1/32 I-16 type 28
Available from Hannants for € 37,63
The I-16 was one of those designs that pushed the envelope and paved the way for new fighter designs. A closed cockpit, monoplane design, metal plating and a retractable landing gear. It’s licensed built Wright Cyclone SR-1820 9 cilinder engine (Shvetsov M-25) with it’s large diameter made the I-16 look short and stubby. This didn’t give the plane the menacing look of sleeker designs, but it proved it’s worth nonetheless. A whole series of improvements followed the first designated production type of the I-16 type 4. Most changes were made in the engine and guns / cannons. The type we’re looking at today however is the type 28. It differed from the type 24 (also released by ICM and reviewed by James Hatch here) only in armament: 2x ShKAS and 2x ShVAK. The ShKAS being a 7.62mm machine gun and the ShVAK being a 20mm cannon. The ShKAS mounted in the nose and ShVAK mounted in the wings. The major differences between the early type 10 and the late model 24 and 28 are the presence of flaps, a tailwheel instead of skid, a second cockpit door on the starboard side and the Shvetsov M-63 engine replacing the M-25 version.
The different materials used in this plane make it perfect to model ‘without paint’. We see a laminated fuselage, linen, aluminium and putty. The method of the laminated fuselage is basically the same as we saw on WW1 Albatros fuselages and even the WW2 Mosquito fuselage. Not that easy to replicate due to the angled wooden planks, but if you manage to pull it off, you’ve got a winner. I managed to find a pagethat shows the different materials.
Let me start by saying that the I-16 has been covered pretty decently before by Azur and Special Hobby. Having built the Special Hobby kit I know the detail is quite sufficient and that there are numerous detail sets to spice it up. Eduard has done various sets for the cockpit, exterior and masks which I can all recommend. You can also get yourself a Yahu Models instrument panel and HGW harnesses. Vector has done a great Shvetsov M-25 engine (which fits the type 10/17. I myself managed to get my hands on a few sets by Contact Resine (a French company) which include a thin cowling, cockpit set and wheels.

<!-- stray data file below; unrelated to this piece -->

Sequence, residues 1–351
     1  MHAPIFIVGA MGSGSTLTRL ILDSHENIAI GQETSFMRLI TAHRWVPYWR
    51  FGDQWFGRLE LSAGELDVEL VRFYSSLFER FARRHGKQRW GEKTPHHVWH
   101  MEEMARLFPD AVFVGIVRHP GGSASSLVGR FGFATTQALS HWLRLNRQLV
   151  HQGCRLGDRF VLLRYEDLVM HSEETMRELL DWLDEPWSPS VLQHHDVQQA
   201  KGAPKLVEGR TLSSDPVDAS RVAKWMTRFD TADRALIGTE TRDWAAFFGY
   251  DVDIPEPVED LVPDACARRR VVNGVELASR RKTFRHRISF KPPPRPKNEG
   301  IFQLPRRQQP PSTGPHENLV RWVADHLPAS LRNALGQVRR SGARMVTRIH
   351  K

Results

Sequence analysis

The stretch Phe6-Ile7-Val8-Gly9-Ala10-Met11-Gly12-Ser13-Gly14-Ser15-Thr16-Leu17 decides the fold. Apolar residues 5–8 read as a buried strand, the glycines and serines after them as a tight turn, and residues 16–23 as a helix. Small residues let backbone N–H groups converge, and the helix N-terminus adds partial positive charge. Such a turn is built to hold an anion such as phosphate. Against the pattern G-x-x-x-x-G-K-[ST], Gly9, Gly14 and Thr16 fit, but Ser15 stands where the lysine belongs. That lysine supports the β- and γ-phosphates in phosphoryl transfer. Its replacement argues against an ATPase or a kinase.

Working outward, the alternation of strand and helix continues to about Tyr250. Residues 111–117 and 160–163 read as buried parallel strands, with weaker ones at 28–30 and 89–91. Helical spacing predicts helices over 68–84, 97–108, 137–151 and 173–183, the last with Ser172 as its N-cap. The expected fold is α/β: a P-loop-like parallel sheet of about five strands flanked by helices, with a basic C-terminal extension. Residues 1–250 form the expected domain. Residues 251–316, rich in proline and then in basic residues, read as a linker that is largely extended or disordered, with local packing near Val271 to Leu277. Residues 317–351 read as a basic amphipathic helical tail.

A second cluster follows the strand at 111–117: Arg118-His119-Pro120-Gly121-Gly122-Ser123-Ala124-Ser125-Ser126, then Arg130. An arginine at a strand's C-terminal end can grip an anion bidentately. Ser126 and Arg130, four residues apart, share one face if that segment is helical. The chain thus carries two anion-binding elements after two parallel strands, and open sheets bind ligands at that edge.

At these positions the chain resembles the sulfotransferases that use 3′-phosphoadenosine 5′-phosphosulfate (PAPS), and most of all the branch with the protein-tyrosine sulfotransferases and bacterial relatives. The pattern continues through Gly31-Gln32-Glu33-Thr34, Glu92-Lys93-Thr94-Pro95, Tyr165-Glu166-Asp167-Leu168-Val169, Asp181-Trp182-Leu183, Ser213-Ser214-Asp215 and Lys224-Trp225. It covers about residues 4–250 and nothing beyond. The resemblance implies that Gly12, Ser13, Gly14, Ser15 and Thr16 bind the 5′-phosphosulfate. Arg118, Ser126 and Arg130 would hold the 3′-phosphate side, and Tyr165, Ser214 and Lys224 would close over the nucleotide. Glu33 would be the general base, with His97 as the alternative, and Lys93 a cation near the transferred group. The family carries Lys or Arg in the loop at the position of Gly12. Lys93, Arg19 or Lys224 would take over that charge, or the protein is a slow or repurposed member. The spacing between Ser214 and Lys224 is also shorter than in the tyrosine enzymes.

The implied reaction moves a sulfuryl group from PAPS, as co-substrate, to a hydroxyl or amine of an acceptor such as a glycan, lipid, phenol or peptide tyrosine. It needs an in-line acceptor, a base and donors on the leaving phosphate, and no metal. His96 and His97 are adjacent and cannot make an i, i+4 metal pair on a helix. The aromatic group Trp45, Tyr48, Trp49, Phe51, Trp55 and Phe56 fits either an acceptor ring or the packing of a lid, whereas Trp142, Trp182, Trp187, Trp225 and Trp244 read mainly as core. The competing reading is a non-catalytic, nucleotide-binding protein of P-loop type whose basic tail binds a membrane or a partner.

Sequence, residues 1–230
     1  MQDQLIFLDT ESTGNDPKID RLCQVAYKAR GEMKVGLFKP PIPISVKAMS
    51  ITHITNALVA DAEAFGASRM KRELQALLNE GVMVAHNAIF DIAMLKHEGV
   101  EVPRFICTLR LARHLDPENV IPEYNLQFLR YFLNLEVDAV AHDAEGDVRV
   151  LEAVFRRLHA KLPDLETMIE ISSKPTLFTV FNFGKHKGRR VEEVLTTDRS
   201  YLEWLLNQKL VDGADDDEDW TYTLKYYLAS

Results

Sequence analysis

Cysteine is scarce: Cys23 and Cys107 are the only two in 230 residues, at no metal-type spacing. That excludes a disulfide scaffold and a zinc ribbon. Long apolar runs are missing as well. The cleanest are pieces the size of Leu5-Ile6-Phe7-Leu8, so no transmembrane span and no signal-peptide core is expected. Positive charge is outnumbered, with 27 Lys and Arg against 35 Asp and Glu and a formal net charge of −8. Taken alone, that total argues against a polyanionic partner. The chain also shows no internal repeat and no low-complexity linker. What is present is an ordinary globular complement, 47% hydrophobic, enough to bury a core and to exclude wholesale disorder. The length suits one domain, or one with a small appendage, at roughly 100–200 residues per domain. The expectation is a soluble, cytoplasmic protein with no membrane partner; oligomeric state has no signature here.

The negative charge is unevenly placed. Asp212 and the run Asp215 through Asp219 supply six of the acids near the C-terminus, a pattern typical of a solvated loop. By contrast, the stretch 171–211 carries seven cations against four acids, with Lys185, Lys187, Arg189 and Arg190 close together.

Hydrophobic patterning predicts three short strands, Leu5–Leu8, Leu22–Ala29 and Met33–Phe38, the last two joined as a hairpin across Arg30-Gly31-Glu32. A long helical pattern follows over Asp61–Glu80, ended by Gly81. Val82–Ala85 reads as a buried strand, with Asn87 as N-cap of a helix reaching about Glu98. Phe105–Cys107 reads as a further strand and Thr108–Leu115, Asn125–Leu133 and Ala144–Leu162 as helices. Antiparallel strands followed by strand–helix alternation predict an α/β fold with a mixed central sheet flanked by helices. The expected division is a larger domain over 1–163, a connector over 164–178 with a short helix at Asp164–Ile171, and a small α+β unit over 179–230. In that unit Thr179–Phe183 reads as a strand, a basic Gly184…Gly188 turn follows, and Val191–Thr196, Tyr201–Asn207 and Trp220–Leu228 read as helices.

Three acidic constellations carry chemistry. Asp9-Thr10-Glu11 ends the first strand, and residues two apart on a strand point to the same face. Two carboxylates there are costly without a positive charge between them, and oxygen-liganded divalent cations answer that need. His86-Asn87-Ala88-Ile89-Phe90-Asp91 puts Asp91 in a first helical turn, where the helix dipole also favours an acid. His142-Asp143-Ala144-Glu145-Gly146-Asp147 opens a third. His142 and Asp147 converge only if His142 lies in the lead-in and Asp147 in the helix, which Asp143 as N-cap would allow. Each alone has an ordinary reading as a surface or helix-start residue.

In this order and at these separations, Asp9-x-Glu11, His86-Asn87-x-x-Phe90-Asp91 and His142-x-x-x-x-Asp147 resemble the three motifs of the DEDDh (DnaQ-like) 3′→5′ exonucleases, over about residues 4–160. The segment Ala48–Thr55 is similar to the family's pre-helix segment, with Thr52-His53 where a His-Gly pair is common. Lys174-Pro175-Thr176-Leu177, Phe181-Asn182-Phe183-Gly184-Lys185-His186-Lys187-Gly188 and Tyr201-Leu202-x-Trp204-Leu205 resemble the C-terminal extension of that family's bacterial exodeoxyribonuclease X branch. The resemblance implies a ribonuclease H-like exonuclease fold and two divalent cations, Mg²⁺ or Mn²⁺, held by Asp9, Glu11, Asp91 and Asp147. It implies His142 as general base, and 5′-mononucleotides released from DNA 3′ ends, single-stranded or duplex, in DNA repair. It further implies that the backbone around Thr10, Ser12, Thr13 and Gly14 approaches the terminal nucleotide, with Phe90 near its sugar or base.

In line of order, these kits have been released of the I-16:
1997 – Azur released the I-16 Type 10
2004 – Special Hobby added new parts and released the type 10/17
2008? – Special Hobby added new parts and released the type 24
2008? – Special Hobby added new parts and released the type 10 with ski’s (Finnish service)
2011 – Special Hobby added new parts and released the type 10/17 (Chinese & Japanese service)
2017 – ICM releases a fully new tool kit of the type 24 (review by James Hatch)
2017 – Revell releases this same kit (type 24) under their brand with new decals
2018 – ICM added new parts and releases this new type 28
When you lift the box top, a full closed internal box appears, which give it a sturdy construction. Only four sprues (including the clear sprue) make up this kit. The first thing that strikes is the quality of the moldings. No flash anywhere. Really crisp moldings. Since I have an unbuilt Special Hobby I-16 in the stash, I decided to make some comparisons.